Wednesday, February 27, 2008

Which way forward for 21st century Socialism?

The Bolivarian populist regime in Venezuela is the flagship of the World Social Forum’s plan to build an alliance of states to fight for ‘globalisation from below’ by negotiating with ‘democratic imperialism’ for better terms of trade to fund 21st century ‘market socialism’. Is the recent loss of the constitutional referendum also a setback for socialism?

Constitutional Reform defeat

The narrow defeat of Hugo Chavez constitutional reforms last month has forced a 'rethink' within the Bolivarian movement. 3 million former Chavez voters stayed at home giving the anti-Chavez national bourgeoisie a small victory. Chavez accepted responsibility for making a mistake in holding the referendum and has called for a 'pause for reflection' on the road to the Bolivarian Socialism.

Meanwhile the founding Congress of the PSUV is currently meeting with the delegates debating a draft program and reporting back to their 'battalions' for discussion and decision making. The referendum setback has also seen more debate in the movement around the course ahead, and raised distinct tendencies in the PSUV against Chavez earlier expressed wish. He says he is now happy to see the various 'Chavista' parties forming tendencies inside the PSUV!!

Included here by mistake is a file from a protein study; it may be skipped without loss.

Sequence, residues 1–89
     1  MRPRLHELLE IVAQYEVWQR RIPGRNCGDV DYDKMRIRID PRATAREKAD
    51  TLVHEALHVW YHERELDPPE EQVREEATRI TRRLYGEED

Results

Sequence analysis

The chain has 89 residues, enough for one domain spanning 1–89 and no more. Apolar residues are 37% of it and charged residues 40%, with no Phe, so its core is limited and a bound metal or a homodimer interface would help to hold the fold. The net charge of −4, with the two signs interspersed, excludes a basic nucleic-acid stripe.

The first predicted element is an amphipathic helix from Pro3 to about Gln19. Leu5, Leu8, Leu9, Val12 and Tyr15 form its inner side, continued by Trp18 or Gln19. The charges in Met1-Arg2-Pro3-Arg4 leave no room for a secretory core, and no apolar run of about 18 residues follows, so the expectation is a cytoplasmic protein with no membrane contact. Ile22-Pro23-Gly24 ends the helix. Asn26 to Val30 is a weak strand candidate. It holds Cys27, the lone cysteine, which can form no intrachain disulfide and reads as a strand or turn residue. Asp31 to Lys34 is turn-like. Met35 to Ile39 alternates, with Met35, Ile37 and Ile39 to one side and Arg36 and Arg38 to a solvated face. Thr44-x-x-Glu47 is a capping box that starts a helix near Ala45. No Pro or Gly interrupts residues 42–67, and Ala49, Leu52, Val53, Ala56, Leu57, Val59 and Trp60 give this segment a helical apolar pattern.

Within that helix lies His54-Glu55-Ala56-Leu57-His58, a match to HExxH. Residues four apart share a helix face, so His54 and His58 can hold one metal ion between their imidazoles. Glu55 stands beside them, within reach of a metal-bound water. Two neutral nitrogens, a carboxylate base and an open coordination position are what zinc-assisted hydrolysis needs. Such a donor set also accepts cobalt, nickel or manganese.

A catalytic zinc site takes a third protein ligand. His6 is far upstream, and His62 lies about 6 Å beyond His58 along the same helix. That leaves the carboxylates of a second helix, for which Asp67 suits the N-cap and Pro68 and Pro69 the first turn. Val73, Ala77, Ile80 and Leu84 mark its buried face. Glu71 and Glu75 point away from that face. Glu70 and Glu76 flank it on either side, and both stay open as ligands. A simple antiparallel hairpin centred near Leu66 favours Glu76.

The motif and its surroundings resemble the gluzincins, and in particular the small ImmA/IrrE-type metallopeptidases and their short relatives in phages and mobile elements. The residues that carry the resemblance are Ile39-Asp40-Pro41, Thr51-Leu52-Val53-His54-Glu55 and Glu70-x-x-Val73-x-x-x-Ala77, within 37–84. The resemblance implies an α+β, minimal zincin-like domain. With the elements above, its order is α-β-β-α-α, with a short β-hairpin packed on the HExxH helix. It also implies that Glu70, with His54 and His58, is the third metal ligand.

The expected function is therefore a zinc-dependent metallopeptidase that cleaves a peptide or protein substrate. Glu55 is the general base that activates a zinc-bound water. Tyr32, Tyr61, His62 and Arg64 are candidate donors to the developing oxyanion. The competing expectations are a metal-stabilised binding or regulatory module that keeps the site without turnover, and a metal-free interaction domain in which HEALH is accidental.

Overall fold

One such tendency is the MAREA socialist current of Stalin Borges and Ismael Hernandez of the C-CURA wing of th1e UNT. This was the majority of the C-CURA that joined the PSUV to fight for a working class program against the bureaucracy. It seems that their voice is being heard not only inside the PSUV but in the wider trade union struggle. The MAREA current in the PSUV has publicly condemned the sacking of a prominent C-CURA leader Oswaldo Chirino from his job in the Venezuelan state owned oil company the PDVSA. Chirino is one of the leaders of a minority in the C-CURA that refused to join the PSUV on Chavez terms of liquidating any political tendencies. Instead he called for the formation of an independent workers party. He also called for a no vote on Chavez constitutional referendum.

The sacking of Chirino follows a long struggle in the oil workers unions for a new agreement with the Chavez oil ministry. Chirino is one of the leaders of the largest oil union, Fedepetrol, which has 35,000 of the 60,000 oil workers. The agreement has been in negotiation since April 2007. In September workers were attacked by Anzoátegui state police as they tried to enter the negotiations. The state governor objected only after 4000 workers took to the street to protest. The contract settlement in November did not meet all of Fedepetrol's demands and included a drastic provision inserted by the oil ministry that forced all the unions to amalgamate into the United Confederation of Energy Workers (FUTEV). Around the same time Chirino was told he did not have a job.